• 2) Click the Browse button and then click the Select All.
  • 3) Make sure the bands are in numerical order – you will probably have to drag B10 and B11 to the bottom of the list.
This is important so we can find the right bands later!
Selecting bands screenshot Selecting and correctly ordering our Landsat bands.
  • 4) Tick “Place each input file into a separate band”.
  • 5) Click the Browse button to the right of the Virtual field and click Save to File.
  • 6) In your Landsat folder, type “landsat_composite” for your filename and click Save.
  • 7) Finally click Run and Close when it has finished!
Virtual raster tool screenshot Building our Landsat composite as a virtual raster.
You should have a new layer in your Layers Panel and your Map Window. You may have to drag it to the top of the Layers Panel to view it.
Landsat composite screenshot Our Landsat colour composite layer.

Changing the bands

Because we didn’t tell QGIS which bands we wanted it to display, it has defaulted to bands 1/2/3 for RGB.
Can you work out what an ‘1/2/3’ composite is made up of from the diagram below? Band 1 is ‘blue edge’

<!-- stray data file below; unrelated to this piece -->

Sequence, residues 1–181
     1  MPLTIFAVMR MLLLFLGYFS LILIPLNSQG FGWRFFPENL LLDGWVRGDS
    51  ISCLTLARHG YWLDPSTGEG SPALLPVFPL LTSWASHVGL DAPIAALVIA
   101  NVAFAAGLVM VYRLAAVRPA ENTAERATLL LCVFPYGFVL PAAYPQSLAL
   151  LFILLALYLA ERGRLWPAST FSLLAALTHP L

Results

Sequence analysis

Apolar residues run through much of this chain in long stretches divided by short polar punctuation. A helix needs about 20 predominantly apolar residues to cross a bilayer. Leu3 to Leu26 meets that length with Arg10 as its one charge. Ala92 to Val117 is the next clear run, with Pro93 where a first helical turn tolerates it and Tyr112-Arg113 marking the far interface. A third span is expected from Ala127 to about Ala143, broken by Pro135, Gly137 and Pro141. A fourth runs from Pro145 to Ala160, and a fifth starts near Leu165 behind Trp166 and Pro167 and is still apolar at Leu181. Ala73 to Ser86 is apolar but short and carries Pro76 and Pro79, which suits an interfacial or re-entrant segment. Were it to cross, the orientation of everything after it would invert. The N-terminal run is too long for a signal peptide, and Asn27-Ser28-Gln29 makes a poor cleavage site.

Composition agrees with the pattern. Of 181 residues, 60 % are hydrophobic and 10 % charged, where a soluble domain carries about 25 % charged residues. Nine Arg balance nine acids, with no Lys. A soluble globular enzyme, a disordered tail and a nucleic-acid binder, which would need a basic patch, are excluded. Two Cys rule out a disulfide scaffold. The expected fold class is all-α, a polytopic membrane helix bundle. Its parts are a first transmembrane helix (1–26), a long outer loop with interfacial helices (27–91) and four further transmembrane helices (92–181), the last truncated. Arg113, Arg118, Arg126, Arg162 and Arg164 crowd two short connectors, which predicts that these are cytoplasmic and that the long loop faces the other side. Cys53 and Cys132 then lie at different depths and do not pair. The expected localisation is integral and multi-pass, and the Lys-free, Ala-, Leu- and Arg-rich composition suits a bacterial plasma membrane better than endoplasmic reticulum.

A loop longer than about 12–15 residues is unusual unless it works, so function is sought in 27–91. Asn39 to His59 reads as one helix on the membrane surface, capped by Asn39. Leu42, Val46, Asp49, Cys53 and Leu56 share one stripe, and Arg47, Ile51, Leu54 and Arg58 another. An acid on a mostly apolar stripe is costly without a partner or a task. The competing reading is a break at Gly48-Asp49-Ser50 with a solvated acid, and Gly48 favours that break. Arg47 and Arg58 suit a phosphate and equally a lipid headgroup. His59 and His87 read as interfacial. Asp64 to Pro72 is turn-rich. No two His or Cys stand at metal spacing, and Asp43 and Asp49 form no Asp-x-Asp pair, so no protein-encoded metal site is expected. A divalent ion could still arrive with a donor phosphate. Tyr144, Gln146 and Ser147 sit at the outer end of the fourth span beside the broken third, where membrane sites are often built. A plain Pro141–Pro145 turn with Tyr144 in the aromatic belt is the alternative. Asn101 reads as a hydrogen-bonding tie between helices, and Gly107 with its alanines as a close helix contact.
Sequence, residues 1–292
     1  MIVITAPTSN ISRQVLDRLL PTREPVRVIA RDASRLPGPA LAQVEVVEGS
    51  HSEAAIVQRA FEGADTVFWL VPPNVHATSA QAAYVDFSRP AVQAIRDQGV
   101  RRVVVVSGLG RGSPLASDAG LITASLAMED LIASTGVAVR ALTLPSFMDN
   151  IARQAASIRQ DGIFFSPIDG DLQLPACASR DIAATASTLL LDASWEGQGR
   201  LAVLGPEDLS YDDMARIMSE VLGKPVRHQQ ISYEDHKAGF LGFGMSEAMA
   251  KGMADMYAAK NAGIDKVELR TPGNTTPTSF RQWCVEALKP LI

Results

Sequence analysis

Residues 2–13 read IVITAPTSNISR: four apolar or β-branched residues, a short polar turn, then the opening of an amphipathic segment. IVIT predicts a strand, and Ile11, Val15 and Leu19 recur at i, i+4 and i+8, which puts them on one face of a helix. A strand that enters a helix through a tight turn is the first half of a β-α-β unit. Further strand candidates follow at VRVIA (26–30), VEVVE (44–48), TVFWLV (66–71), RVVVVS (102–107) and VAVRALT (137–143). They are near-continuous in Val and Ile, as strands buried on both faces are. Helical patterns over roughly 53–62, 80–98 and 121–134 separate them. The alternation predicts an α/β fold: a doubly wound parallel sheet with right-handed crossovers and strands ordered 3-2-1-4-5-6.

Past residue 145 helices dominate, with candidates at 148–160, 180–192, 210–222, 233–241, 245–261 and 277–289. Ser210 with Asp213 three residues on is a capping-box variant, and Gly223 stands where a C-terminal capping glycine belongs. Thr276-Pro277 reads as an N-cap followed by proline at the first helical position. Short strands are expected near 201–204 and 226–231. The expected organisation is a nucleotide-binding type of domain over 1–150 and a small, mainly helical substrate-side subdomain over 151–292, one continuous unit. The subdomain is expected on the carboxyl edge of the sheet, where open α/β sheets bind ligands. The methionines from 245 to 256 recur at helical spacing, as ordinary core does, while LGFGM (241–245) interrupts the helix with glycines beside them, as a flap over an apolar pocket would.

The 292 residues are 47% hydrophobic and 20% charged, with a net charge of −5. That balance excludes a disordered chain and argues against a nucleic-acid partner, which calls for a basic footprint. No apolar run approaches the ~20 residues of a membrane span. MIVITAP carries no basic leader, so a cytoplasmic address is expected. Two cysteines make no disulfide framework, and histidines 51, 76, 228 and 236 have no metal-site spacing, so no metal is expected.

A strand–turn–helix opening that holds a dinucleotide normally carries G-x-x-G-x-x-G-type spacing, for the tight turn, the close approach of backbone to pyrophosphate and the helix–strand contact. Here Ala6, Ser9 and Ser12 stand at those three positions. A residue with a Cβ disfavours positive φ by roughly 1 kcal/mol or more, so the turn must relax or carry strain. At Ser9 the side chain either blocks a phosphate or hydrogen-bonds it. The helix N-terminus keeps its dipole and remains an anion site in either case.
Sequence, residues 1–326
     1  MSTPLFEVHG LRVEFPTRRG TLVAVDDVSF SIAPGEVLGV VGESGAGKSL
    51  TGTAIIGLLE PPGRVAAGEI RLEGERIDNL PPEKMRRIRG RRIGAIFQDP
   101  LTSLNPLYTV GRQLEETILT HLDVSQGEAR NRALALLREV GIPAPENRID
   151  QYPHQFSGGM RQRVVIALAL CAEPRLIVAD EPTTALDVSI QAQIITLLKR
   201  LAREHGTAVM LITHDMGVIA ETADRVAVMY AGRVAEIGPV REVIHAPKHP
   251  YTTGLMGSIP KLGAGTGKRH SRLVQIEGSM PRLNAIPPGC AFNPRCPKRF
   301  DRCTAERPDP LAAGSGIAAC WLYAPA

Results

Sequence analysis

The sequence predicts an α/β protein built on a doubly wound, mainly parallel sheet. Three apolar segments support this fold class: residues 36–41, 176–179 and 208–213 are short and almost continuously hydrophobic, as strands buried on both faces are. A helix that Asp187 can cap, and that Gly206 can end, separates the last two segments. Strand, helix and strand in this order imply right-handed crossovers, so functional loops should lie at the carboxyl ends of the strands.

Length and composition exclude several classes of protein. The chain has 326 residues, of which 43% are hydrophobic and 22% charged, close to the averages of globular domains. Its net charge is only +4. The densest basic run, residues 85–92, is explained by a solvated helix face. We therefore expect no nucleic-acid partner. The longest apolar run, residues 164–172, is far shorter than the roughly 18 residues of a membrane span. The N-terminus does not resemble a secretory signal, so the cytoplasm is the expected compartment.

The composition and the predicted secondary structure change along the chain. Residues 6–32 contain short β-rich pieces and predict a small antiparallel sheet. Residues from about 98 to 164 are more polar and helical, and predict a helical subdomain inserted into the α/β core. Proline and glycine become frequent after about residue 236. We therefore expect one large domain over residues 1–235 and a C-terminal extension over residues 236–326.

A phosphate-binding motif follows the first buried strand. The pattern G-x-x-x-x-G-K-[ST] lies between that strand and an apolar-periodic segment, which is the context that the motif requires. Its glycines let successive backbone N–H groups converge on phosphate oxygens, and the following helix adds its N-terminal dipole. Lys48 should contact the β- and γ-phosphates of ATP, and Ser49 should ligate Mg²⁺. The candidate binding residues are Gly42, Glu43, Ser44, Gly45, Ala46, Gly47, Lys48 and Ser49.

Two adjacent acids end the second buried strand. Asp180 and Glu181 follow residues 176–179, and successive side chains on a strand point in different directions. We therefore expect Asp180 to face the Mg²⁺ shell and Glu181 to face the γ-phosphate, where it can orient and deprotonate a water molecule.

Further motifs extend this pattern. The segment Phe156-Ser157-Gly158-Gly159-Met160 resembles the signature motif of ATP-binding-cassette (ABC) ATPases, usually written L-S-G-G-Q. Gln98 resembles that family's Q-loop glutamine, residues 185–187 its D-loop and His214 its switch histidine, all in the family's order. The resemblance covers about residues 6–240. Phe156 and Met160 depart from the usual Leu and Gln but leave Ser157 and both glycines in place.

Landsat 8 & 9 band diagram Landsat 8 & 9 bands. Based on an image courtesy of NASA.
This isn’t a very useful combination, so let’s make our own, starting with a true colour image.
Looking at the diagram above again, we can see that for Landsat 8 & 9, red is band 4, green is band 3 and blue is band 2 – so we need to assign these as RGB for our Landsat composite layer.
  • 1) In the Layers Panel right-click the “landsat_composite” layer and select Properties.
  • 2) Change “Red band” to Band 04, “Green band” to Band 03, and “Blue Band” to Band 02.
  • 3) Click OK.
Setting bands screenshot Setting our RBG bands to 4/3/2.
You should now have a true colour Landsat composite! This is close to what you would save seen with your own eyes if you had been flying over this landscape at exactly the day and time at which the image was collected.
True colour composite screenshot Our true colour Landsat composite – notice the labels beside the RGB bands in the Layers Panel.

Band combinations

Now that we have all our Landsat bands sorted, the fun can really start, and we can make some false colour composites using infrared bands! First though, we need a bit more information about the combinations of band available in Landsat 8 & 9. You may have noticed that the band numbers provided by the Landsat 8 and 9 satellites are slightly different to those used in the Sentinel-2 imagery we looked at earlier on. This is most easily apparent in the diagram below.
Landsat and Sentinel-2 band diagram Landsat 8 & 9 and Sentinel-2 band comparison. Based on image courtesy of NASA.